Hewlett Packard Answers the Call for e-Trash Transparency
HP praised by environmentalists for agreeing to reveal electronic waste destinations
Environmental groups praised the Hewlett Packard Company March 16th, for its recent announcement that they will henceforth reveal to the public where all of their electronic waste goes. This call for "e-Trash Transparency" was one of the demands of the global toxic trade watchdog organization, Basel Action Network's (BAN) e-Trash Transparency Project, which utilized GPS tracking devices placed within discarded electronic equipment to find out what really happens with our electronic waste. The project revealed, in its two reports "Disconnect" and "Scam Recycling", that American consumers are often duped by recyclers or thrift shops like Goodwill Industries, when they claim environmentally safe recycling and instead export the equipment to developing countries. BAN's investigation discovered that 40% of old printers and monitors were exported to countries like Pakistan and China where they are most often broken down in dangerous backyard operations exposing workers and the environment to dangerous substances such as mercury and lead.
"The public has the right to know where their old electronic waste, which is, in fact, hazardous waste, will end up. They have the right to be assured that it will not end up poisoning workers, land, and water abroad," said Jim Puckett, Executive Director of BAN. "We called on all institutions, enterprises and especially manufacturers to pledge to always tell the public where their e-Waste goes. We are thrilled to see HP heed this important call."
In a blog post of March 3, 2017, HP's Annukka Dickens, HP's Director of Human Rights and Supply Chain Responsibility cited BAN's work and stated: "HP is disclosing its recycling partners to raise the bar for transparency in our industry and to highlight the high standards we set for those vendors. We challenge other companies in and outside of the high-tech industry to follow our lead and disclose recycler vendor standards and performance, as well as the list of recycling vendors they employ globally."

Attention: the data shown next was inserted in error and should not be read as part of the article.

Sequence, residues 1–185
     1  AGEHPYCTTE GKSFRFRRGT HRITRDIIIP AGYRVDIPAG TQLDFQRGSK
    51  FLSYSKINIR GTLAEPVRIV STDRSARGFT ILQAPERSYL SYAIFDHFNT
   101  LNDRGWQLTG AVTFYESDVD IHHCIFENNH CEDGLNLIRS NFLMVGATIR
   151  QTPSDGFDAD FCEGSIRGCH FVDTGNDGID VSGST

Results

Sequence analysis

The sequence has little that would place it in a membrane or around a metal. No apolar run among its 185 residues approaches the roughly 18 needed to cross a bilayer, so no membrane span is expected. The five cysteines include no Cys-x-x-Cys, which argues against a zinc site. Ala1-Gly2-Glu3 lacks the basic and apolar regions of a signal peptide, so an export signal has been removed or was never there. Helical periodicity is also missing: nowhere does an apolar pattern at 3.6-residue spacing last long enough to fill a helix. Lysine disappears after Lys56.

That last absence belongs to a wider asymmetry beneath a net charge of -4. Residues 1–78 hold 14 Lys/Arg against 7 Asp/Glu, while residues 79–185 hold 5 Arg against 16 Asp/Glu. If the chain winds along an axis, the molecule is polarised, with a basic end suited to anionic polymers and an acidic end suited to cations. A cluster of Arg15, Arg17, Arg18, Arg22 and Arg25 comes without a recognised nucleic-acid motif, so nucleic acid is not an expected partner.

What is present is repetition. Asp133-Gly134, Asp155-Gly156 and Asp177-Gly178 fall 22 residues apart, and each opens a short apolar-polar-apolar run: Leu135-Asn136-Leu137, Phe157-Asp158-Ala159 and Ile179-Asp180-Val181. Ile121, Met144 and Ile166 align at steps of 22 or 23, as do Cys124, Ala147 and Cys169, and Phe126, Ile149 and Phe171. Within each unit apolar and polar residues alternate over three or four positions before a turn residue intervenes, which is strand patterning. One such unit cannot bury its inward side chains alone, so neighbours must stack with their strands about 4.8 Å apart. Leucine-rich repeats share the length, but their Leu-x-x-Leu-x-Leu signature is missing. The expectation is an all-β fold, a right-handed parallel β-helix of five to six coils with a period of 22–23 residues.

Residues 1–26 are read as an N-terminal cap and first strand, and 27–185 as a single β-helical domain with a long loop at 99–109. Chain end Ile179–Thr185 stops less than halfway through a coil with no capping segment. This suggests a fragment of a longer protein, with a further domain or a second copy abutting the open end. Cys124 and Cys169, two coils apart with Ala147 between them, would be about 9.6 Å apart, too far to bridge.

HP now joins Samsung and LG in being fully transparent in North America about their recycling destinations. However, most IT equipment manufacturers, including Apple, Inc., refuse to tell the public where their toxic e-waste, once collected from the public, will end up.
According to BAN, Dell Computers, which was called out in the organization's first report entitled "Disconnect: Goodwill and Dell Exporting the Public's E-Waste to Developing Countries", continues to remain secretive about its downstream destinations including the recyclers they employ as part of their Goodwill/Dell partnership program. Dell's policies dictated that they would never export and that their environmental partner recyclers were carefully vetted to ensure only the most environmentally sound operations. BAN trackers revealed, however, that 21% of the devices delivered to the Dell Reconnect program via Goodwill, were exported to Asia. Extrapolating for the entire amount Dell Reconnect boasts it has handled to date, 21% leads to a staggering figure of 90 million pounds exported to Asia in the last 12 years. That would equate to four 40-foot containers a week for those 12 years from the Dell Reconnect program alone.
BAN and Electronics Industry watchdogs Texas Campaign for the Environment, jointly call on Apple and Dell to be next to commit to disposal chain transparency.
"It's been 15 years since the world learned that so much e-waste was being dumped on developing countries," said Texas Campaign for the Environment's Director Robin Schneider. "We applaud HP for full transparency and urge all electronics companies to finally let us know exactly which companies are recycling our old electronics."